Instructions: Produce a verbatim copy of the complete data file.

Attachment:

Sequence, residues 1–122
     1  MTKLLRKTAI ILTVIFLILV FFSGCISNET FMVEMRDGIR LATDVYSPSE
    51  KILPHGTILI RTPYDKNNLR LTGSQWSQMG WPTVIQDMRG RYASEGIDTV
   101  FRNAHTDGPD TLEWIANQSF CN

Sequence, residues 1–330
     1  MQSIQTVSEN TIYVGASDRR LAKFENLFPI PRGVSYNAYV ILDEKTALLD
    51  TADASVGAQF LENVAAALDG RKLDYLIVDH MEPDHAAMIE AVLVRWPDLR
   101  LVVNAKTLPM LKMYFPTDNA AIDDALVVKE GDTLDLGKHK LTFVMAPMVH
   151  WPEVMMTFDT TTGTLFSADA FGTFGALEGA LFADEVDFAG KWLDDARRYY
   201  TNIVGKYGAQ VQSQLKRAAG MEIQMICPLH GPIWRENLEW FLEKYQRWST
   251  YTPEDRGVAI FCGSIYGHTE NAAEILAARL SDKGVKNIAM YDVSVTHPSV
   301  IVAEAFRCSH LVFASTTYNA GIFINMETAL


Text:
Sequence, residues 1–122
     1  MTKLLRKTAI ILTVIFLILV FFSGCISNET FMVEMRDGIR LATDVYSPSE
    51  KILPHGTILI RTPYDKNNLR LTGSQWSQMG WPTVIQDMRG RYASEGIDTV
   101  FRNAHTDGPD TLEWIANQSF CN

Sequence, residues 1–330
     1  MQSIQTVSEN TIYVGASDRR LAKFENLFPI PRGVSYNAYV ILDEKTALLD
    51  TADASVGAQF LENVAAALDG RKLDYLIVDH MEPDHAAMIE AVLVRWPDLR
   101  LVVNAKTLPM LKMYFPTDNA AIDDALVVKE GDTLDLGKHK LTFVMAPMVH
   151  WPEVMMTFDT TTGTLFSADA FGTFGALEGA LFADEVDFAG KWLDDARRYY
   201  TNIVGKYGAQ VQSQLKRAAG MEIQMICPLH GPIWRENLEW FLEKYQRWST
   251  YTPEDRGVAI FCGSIYGHTE NAAEILAARL SDKGVKNIAM YDVSVTHPSV
   301  IVAEAFRCSH LVFASTTYNA GIFINMETAL